JONATHAN L. WHARTON

Last week was a difficult time to understand and stomach details about embattled Bridgeport, Stratford and West Haven public officials. As a researcher and teacher of state and local politics, it’s especially hard for me to explain to students why corruption reoccurs in our state. Over the years, I have offered suggestions as to how so many elected officials have become embroiled in scandals. Aside from the public and media demanding more accountability and transparency, it comes down to officials breaking laws and the public’s trust. Unless constituents demand more integrity from our officials and voters scrutinize candidates before elections, Connecticut will remain that stinging social media hashtag many of us know: #Corrupticut.

The Bridgeport and Stratford episode involved several local and state officials. Democratic State Senator Dennis Bradley and his campaign treasurer, former Bridgeport Board of Education Chair Jessica Martinez, have been charged with fraudulently obtaining public financing funds through Connecticut’s Citizen Election Program. While they were indicted on federal charges in May, the trial is scheduled for December. Former Stratford Councilwoman Tina Manus was a campaign volunteer for Bradley; she pleaded guilty last week to conspiracy in connection with the campaign scheme. Manus agreed to cooperate with federal prosecutors and detail the attempt to fraudulently obtain nearly $180,000 in public grants.  

We cannot allow public officials to take advantage and have us lose faith in public service. Too many young voters are already jaded by our state and local politics and these recent scandals only add to their distrust about government.

The more recent bombshell scandal involved West Haven’s Democratic State Rep. Michael DiMassa, who was serving in two public roles: a city council administrative assistant and an elected state official. DiMassa received federal coronavirus relief funds through a limited liability corporation and federal investigators discovered that no services were provided to West Haven. DiMassa signed off on invoices paying the company and court documents say he spent some $50,000 on Mohegan Sun casino chips. DiMassa admitted to a gambling addiction and resigned from both City Hall and General Assembly positions. The scandal also brought Connecticut’s media attention onto West Haven during municipal election season. West Haven’s mayor, Nancy Rossi, explained on YouTube how and when her administration discovered public funds being misused.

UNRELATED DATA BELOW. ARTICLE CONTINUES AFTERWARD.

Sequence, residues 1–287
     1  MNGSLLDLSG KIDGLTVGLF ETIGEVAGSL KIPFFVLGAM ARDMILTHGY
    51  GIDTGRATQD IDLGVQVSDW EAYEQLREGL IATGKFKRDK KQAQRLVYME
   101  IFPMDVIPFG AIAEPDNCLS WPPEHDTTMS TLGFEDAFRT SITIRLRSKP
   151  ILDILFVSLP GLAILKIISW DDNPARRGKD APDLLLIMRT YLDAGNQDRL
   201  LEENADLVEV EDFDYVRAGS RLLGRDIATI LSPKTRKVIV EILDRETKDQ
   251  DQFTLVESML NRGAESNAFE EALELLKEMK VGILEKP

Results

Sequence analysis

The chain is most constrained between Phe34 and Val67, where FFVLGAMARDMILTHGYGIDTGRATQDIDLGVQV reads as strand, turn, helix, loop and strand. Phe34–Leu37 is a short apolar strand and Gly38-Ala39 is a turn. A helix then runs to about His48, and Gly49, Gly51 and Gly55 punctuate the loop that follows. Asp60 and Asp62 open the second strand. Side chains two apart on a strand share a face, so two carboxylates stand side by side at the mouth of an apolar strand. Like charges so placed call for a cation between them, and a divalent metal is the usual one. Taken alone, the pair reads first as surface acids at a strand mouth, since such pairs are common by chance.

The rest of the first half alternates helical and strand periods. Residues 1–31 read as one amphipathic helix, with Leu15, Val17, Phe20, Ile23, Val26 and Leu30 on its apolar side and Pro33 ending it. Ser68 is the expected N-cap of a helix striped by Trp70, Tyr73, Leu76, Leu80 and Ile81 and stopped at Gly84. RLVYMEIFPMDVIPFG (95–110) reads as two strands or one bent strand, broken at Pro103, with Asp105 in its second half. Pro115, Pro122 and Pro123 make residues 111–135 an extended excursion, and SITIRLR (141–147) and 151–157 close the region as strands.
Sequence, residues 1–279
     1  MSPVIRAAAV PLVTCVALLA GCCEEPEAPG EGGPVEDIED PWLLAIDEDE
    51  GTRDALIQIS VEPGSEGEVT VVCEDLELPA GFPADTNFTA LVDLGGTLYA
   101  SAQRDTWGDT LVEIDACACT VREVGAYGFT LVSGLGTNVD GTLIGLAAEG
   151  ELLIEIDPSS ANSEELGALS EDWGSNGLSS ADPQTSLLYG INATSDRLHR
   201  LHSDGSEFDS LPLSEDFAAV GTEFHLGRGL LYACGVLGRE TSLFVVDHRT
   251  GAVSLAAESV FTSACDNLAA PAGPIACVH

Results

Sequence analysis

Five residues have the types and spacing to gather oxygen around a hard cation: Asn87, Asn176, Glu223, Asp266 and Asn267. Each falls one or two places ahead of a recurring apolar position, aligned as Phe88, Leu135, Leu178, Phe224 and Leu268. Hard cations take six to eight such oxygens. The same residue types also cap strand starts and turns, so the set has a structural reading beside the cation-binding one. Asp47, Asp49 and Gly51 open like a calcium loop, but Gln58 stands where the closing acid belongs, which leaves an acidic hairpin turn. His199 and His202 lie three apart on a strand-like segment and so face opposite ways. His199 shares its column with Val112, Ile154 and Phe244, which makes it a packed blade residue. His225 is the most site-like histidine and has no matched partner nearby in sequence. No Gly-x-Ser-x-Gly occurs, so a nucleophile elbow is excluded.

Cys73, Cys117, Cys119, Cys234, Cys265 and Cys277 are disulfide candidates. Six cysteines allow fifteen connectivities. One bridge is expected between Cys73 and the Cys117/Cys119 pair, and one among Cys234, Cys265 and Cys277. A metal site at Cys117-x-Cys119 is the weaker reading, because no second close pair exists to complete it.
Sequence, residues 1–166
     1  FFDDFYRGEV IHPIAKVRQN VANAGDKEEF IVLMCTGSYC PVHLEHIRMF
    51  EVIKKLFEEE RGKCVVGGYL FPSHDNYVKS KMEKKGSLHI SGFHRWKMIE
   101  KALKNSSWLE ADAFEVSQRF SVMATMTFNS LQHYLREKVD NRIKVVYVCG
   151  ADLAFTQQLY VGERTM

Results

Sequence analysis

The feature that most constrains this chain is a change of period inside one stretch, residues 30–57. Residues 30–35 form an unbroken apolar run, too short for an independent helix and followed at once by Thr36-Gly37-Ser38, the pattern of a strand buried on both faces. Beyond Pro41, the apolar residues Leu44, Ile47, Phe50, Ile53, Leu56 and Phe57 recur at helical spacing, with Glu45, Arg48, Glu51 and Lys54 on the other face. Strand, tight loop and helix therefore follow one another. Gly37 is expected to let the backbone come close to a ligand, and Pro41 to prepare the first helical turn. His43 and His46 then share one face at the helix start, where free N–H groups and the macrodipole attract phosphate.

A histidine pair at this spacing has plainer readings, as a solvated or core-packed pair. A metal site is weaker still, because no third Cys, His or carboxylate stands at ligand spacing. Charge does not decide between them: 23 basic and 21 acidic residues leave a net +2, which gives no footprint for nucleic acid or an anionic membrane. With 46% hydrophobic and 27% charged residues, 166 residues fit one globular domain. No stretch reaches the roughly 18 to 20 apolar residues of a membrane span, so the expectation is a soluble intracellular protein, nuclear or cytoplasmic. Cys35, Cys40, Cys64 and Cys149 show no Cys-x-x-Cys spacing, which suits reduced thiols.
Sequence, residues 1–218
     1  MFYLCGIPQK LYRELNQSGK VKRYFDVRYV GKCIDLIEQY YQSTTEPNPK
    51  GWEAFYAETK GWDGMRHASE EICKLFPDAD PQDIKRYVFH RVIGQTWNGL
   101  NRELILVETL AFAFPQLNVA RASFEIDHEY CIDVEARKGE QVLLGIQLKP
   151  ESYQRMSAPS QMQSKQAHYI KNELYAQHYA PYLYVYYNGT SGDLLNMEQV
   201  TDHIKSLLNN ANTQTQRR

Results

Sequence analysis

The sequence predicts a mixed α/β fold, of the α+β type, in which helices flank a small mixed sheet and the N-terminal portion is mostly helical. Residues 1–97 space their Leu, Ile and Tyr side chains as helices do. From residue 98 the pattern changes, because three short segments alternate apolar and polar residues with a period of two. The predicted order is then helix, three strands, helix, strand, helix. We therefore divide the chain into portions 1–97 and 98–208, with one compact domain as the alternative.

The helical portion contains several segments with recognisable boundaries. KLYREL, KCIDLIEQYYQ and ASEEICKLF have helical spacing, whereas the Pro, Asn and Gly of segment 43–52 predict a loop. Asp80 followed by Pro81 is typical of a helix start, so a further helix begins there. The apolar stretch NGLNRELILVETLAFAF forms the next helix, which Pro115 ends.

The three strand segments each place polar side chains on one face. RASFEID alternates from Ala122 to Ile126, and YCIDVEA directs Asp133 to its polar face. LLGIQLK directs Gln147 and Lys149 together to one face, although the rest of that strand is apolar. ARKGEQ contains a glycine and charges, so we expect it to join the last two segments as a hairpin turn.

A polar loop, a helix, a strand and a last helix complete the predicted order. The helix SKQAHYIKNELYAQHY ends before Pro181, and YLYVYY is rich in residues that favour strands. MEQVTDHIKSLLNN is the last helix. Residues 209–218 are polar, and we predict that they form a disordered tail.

When these kinds of cases go to trial, additional political associations and details often emerge. There’s also more investigative work for state and federal investigators to complete. Enforcing state and federal laws can help address corruption since federal investigators and prosecutors often bring charges to trial. The State Elections Enforcement Commission, for example, helps investigate corruption. But this critical agency has been woefully underfunded and understaffed for years. More investigative resources are needed particularly following these scandals.   

As I quickly learned in graduate school studying New Jersey’s government, corruption often goes along with state and local politics. Too many constituents overlook state and local issues and various politicians take advantage of their positions. New Jersey and Connecticut have much to do in passing more laws and recruiting suitable candidates for public office. 

Beyond additional laws and investigations though, voters as well as party officials must expect more from political candidates seeking public office. We should demand more accountability and integrity. We cannot allow public officials to take advantage and have us lose faith in public service. Too many young voters are already jaded by our state and local politics and these recent scandals only add to their distrust about government. Now must be the turning point for our public officials to acknowledge they can do more to prevent political corruption.

Jonathan L. Wharton, Ph.D. is the associate dean of the School of Graduate and Professional Studies and teaches political science at Southern Connecticut State University in New Haven.

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